“What will you do now that you have graduated?” I asked Katya.
“For the month of July I’ll be working as a secretary, and then I’ll try to find a job as translator.”
Translator! Light bulb!
“What are you doing tomorrow morning?”
So she agreed to be my interpreter. We would meet at Novoslobodskaya Station at 10 a.m. and walk to the nearby Budenko Inst.
When I went to the clinic for my daily shot early the next morning, it occurred to me to pop into Galina Mikhailovna’s office and ask her what they were recommending that I do next. Surely they couldn’t just leave me hanging.
I was right. I was to go to the Institute Sklifosovskiy, one of Moscow’s most renowned medical centers. She gave me the address.
Quick change of plans. I met Katya and instead of to Budenko Inst., we set out for Sukhorevskaya Station on the orange line. Quickly found the right address, Bldg. No. 9. Whoops! Too easy. It’s undergoing restoration. Go back to where we came from and around the corner, first alley to the right. Okay found it. No, said the guards. It’s in that building over there. You’ll have to go back to the street and go further.
Back to the street. Went further. Next alley. Aha! An entrance. Whoops! Not an entrance. An exit! Some lemon-pussed old babushka informed us that we couldn’t get there from here. Back out the door to the next entrance. Whoops! No next entrance. Back to Baba Lemon. Stupid! You have to follow the alley around and out to the street and down a block. That’s the next entrance. Anybody should know that! Thank you very much for your kindness, you insufferable Soviet bitch.
Eventually found the right door. When we entered it was like a deserted warehouse at 10:50 a.m., almost an hour after we had left Novoslobodskaya just three metro stops away.
Baba Robot at Information pointed to the end of the corridor and to the right, first door on the left.
Nobody there. Back to Baba Robot. They’re due at 11.
At 11:20 some officious woman unlocked the consultant’s office. No, she’s not the consultant. She’s just the secretary/nurse who makes appointments to see the consultant. Next available appointment is on the 24th of July – over a month away.
“I take it this is not an emergency?” I queried.
“Oh, no! Emergencies are over 80% occluded.”
If they perform their surgery like their administration, I don’t want any. Most important, Galina Mikhailovna to the contrary, it’s not an emergency. I can take a couple of months to plan my options, and an operation in this rat hole is not one of them. Get me the hell out of here!
Katya said she had also done Internet research in anticipation of playing medical interpreter and had found information about something called a stent placement, which involves making only a small incision in the artery and implanting a balloon device to expand the artery walls.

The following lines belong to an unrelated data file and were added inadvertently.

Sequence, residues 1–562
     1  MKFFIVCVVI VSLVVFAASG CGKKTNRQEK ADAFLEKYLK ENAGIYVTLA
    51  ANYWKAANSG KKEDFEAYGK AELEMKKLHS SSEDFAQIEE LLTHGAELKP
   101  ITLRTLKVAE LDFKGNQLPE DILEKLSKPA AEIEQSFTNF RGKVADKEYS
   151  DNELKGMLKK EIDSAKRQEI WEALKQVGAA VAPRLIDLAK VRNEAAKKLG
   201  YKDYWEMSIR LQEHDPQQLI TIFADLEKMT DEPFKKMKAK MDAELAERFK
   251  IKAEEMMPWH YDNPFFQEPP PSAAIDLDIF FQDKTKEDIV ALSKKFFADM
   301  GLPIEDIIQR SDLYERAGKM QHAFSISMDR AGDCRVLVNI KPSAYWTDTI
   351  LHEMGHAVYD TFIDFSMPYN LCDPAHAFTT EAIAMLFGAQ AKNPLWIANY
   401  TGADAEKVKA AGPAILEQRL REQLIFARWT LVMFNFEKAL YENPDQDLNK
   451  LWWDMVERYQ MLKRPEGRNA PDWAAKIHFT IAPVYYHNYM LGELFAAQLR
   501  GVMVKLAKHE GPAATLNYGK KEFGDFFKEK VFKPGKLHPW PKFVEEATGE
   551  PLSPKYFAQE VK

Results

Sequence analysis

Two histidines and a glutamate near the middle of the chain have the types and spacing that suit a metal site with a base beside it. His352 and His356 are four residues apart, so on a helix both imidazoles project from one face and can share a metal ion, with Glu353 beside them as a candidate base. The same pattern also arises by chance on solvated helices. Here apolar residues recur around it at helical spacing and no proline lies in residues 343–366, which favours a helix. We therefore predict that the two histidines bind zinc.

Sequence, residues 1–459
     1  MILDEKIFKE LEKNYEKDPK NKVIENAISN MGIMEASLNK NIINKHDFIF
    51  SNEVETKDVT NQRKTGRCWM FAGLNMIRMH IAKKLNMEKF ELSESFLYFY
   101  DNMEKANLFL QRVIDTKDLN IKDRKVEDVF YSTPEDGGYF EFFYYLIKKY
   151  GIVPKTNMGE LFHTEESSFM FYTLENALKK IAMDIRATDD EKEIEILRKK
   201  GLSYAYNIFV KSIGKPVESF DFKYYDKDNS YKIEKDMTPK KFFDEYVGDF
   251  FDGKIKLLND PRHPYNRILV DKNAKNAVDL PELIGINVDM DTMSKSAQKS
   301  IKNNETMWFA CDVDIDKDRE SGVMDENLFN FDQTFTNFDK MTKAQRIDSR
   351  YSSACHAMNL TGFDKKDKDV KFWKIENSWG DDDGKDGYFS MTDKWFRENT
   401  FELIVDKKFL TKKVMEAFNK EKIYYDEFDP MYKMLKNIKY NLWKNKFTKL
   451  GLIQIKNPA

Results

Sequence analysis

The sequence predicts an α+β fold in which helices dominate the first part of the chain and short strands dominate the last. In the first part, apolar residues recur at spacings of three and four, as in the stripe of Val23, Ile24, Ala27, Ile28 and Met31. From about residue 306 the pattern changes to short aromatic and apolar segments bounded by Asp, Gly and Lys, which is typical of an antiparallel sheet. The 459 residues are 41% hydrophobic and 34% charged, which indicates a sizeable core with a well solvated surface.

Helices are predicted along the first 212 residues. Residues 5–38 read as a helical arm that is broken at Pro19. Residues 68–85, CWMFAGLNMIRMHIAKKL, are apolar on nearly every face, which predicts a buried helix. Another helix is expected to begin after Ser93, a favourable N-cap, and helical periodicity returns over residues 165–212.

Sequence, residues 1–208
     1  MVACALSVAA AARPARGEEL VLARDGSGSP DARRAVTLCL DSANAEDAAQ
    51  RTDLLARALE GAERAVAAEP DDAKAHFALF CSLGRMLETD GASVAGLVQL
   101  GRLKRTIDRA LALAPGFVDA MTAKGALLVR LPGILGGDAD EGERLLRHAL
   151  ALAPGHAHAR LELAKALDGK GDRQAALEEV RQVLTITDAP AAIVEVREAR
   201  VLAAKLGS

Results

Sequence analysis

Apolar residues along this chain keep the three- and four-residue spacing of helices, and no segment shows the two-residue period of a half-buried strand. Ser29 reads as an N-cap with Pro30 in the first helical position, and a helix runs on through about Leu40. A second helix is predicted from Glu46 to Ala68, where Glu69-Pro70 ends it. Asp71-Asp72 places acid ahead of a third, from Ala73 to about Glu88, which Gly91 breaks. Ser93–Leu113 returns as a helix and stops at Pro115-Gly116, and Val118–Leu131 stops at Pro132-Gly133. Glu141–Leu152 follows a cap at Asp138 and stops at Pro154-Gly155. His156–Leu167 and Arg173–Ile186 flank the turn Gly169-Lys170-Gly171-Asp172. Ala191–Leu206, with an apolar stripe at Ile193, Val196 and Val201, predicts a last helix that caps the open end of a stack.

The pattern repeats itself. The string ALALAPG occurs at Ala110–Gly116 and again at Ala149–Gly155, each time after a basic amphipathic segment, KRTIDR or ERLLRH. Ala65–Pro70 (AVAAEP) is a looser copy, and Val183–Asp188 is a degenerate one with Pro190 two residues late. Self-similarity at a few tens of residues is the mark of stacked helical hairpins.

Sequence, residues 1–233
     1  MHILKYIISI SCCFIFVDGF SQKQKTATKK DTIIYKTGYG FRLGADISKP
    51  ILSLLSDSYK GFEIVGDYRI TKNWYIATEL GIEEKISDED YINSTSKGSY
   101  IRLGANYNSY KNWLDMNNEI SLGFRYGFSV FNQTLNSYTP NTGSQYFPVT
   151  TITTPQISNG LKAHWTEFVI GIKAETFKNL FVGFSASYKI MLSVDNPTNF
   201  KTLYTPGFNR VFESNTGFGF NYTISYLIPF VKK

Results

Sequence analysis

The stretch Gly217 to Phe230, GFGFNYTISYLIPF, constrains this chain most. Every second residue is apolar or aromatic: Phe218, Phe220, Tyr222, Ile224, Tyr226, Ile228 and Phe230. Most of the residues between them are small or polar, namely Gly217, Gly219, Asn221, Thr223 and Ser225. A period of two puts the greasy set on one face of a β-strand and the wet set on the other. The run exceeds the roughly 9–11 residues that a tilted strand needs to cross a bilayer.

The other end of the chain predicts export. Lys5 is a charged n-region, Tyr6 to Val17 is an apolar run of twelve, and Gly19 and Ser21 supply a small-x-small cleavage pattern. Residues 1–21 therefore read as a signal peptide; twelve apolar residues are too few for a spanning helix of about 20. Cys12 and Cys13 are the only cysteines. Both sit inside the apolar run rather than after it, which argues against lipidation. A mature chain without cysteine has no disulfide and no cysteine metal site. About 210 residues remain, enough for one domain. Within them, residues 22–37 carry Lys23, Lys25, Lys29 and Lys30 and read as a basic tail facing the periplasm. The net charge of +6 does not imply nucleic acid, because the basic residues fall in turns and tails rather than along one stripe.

So along with medical management, diet and exercise, that’s also a possibility. But surgery is not.
This was further confirmed by Harry’s Chinese friend Geoffrey, a Hong Kong physician. Geoffrey agreed that the TIA “was and is serious, but not life threatening.” Losing weight, adopting more healthful eating habits, eliminating booze, and adopting an exercise regimen should control the situation – along with medical management, including a medically supervised anti-coagulant – aspirin or warfarin – blood pressure medication, etc.
Bottom line: “Almost certainly you will NOT need an operation.”
Next week I will make an appointment with the American Medical Center here for a consultation. Basil has been treated there and will show me the way. Since their specialties are limited, they will probably refer me to a cardiovascular center, and I’ll go from there. If I don’t like what I find, then maybe I’ll go to America or, as Harry suggested, Helsinki.
But I won’t have an operation and I sure as hell wouldn’t have it here! I’ve already seen too much of their incompetence and unprofessionalism. Katya said she has an 18-year-old friend who had a stroke and was first sent to this clinic. The doctor there was about to give her a shot which could have been fatal, Fortunately, her mother knew enough about medicine to call her doctor who told her not to – under any circumstances – let the doctor give her the injection. Instead, they went to Budenko
And this is one of Moscow’s most renowned medical centers?
A new lease on life is an overused cliché, but for the first time I understand its full meaning. The last few days I’ve felt handcuffed to the Grim Reaper as we marched to the execution chamber. Today I really don’t care what the Grim Reaper is up to. I have other plans.
The sex tag with Igor continues. Tues. night, he went to bed first, with the TV on. A few minutes later, I turned off the TV and crawled in beside him.
After a decent interval, I put my arm around. “I want to hug you, okay?”
Silence, but no protest. If he wasn’t asleep, he was pretending.
Soon I put my hand under his T-shirt and on his naked stomach and chest. No negative reaction. A little while later I realized my right arm was going to sleep, so I rolled onto my back and let me right hand fall on the inner thigh of his left leg. No reaction. Still couldn’t tell if he was asleep or pretending.
About 5 a.m. I awoke with my left hand again on his naked stomach. Again rolled onto my back, again let my right hand fall – this time on the crotch of his trousers, which he insists on wearing to bed – his chastity belt? (If so, it doesn’t work, but does he know that?). His breathing was not that of someone in deep sleep. Maybe awake? I let my fingers exert ever so slight a pressure. After a few minutes I felt his piska erect underneath them. I pressed again. It erected again. This went on for maybe a minute or two. I’m convinced he was not asleep. I think he’s getting ripe for very circumspect seduction.
The alarm rang and we both got up. I was at the computer when it came time for him to go. He came into the room: “I’m going.”